Körber, JoachimTranslatorsecondary authorsome editionsconfirmed
Reinhardt, Alexandra vonÜbersetzersecondary authorsome editionsconfirmed
Rekiaro, IlkkaTranslatorsecondary authorsome editionsconfirmed
Rekiaro, PäiviTranslatorsecondary authorsome editionsconfirmed
Weber, StevenNarratorsecondary authorsome editionsconfirmed
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It (1990IMDb)
It (2017IMDb)
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Epigraph
"This old town been home long as I remember, This town gonna be here long after I'm gone. East side west side take a close look 'round her, You been down but you're still in my bones." -- The Michael Stanley Band
"Old friend, what are you looking for? After those many years abroad you come With images you tended Under foreign skies Far away from your own land." -- George Seferis
"Out of the blue and into the black." -- Neil Young
Dedication
This book is gratefully dedicated to my children.
My mother and my wife taught me how to be a man. My children taught me how to be free.

Naomi Rachel King, at fourteen;

Joseph Hillstrom King, at twelve;

Owen Philip King, at seven.

Kids, fiction is the truth inside the lie, and the truth of this fiction is simple enough: the magic exists

S.K.
First words
The terror, which would not end for another twenty-eight years - if it ever did end - began, so far as I know or can tell, with a boat made out of a sheet of newspaper floating down a gutter swollen with rain.
Quotations
Be true, be brave, stand. All the rest is darkness.
We all float down here.
If there are certain preconditions for the use of magic, then those preconditions will inevitably arrange themselves.
“A child blind from birth doesn't even know he's blind until someone tells him. Even then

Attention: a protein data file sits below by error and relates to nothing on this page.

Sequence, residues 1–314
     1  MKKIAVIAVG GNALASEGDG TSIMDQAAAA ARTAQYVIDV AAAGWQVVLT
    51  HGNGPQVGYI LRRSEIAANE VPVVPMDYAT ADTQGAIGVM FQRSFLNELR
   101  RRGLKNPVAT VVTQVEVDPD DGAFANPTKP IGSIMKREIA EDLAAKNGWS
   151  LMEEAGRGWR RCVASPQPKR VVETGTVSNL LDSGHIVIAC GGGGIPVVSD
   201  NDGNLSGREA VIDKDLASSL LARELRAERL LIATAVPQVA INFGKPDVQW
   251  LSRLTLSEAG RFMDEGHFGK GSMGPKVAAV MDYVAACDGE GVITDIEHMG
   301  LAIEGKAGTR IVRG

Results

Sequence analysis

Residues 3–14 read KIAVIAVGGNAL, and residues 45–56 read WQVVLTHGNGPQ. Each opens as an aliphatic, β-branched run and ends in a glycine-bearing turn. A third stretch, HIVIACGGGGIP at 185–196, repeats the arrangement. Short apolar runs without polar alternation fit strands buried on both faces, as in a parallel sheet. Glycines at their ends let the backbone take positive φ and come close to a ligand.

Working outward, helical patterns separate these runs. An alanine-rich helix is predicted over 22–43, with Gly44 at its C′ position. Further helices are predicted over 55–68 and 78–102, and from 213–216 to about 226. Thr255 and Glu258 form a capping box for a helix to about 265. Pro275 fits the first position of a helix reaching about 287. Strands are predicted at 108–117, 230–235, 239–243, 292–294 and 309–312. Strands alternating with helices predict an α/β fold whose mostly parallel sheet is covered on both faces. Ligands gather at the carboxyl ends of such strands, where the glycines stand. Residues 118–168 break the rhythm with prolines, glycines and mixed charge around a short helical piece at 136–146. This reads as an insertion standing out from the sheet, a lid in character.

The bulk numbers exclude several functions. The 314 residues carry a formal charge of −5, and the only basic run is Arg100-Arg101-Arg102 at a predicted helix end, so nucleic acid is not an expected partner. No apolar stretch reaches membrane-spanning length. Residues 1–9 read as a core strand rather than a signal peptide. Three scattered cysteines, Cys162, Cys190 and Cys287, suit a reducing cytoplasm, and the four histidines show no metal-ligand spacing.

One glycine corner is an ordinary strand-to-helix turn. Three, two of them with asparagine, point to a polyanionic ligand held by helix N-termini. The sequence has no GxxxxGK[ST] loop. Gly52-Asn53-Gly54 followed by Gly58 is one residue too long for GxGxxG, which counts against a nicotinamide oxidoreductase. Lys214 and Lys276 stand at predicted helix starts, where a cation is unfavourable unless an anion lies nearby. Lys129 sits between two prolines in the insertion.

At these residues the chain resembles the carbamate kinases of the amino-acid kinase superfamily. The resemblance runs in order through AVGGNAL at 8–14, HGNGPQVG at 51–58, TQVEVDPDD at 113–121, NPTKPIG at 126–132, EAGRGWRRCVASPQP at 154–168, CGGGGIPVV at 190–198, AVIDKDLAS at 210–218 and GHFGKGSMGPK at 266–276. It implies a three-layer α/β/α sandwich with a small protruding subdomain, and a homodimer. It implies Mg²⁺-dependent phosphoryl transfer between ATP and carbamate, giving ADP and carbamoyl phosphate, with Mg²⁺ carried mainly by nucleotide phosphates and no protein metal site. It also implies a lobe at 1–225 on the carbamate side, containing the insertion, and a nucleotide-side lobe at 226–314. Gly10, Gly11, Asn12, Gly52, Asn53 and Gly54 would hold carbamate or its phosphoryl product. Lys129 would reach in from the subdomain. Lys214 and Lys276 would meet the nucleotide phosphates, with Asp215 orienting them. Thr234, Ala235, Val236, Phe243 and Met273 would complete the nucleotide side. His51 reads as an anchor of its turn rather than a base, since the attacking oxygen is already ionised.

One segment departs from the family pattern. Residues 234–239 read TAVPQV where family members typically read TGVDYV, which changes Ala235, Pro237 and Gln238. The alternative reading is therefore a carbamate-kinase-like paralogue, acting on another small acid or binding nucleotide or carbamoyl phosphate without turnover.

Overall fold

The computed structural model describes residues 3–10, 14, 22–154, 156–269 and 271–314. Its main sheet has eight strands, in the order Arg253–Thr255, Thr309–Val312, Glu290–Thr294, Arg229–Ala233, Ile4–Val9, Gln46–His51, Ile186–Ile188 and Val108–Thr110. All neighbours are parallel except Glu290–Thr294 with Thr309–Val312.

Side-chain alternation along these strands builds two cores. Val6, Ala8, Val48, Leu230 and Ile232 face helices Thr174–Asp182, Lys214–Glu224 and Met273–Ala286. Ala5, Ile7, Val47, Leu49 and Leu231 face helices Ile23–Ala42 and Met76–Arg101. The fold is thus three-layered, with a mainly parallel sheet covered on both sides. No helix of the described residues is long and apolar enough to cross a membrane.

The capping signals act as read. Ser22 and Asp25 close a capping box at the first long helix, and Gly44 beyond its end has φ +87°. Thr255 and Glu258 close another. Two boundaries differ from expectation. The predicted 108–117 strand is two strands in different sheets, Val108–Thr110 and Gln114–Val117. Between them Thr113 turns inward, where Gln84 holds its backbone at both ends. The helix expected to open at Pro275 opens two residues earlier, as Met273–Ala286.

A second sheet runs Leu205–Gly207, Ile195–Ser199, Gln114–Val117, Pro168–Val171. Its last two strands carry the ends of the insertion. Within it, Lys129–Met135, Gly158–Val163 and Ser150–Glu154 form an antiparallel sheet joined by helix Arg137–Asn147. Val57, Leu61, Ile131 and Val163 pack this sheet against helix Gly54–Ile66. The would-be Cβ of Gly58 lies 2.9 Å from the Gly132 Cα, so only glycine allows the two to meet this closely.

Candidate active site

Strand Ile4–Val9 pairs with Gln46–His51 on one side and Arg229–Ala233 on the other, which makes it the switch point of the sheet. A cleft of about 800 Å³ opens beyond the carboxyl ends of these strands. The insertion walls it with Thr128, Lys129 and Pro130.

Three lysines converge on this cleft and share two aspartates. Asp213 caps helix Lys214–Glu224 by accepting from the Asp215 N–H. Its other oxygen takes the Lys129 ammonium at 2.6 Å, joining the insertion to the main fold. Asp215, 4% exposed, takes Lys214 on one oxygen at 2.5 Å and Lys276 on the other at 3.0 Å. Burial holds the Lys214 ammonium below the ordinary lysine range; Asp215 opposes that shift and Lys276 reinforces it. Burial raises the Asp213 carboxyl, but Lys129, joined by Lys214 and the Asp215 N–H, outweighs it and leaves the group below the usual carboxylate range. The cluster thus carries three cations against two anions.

he has only the most academic idea of what blindness is; only the formerly sighted have a
real grip on the thing”
“We lie
best when we lie to ourselves.”
Last words
(Click to show. Warning: May contain spoilers.)
Disambiguation notice
Publisher's editors
Blurbers
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Canonical DDC/MDS

References to this work on external resources.

Wikipedia in English (1)

Book description
Seven children band together to fight a creature that has been feeding off the fears of the people in the small town of Derry for generations.
Haiku summary

Amazon.com Amazon.com Review (ISBN 0451169514, Mass Market Paperback)

They were seven teenagers when they first stumbled upon the horror. Now they were grown-up men and women who had gone out into the big world to gain success and happiness. But none of them could withstand the force that drew them back to Derry, Maine to face the nightmare without an end, and the evil without a name. What was it? Read It and find out...if you dare!

(retrieved from Amazon Thu, 12 Mar 2015 18:25:29 -0400)

(see all 7 descriptions)

It began--and ended--in 1958 when seven desperate children searched in the drains beneath Derry for an evil creature, but in 1985, Mike Hanlon, once one of those children, makes six phone calls and disinters an unremembered promise that sets off the ultimate terror.… (more)

(summary from another edition)

» see all 15 descriptions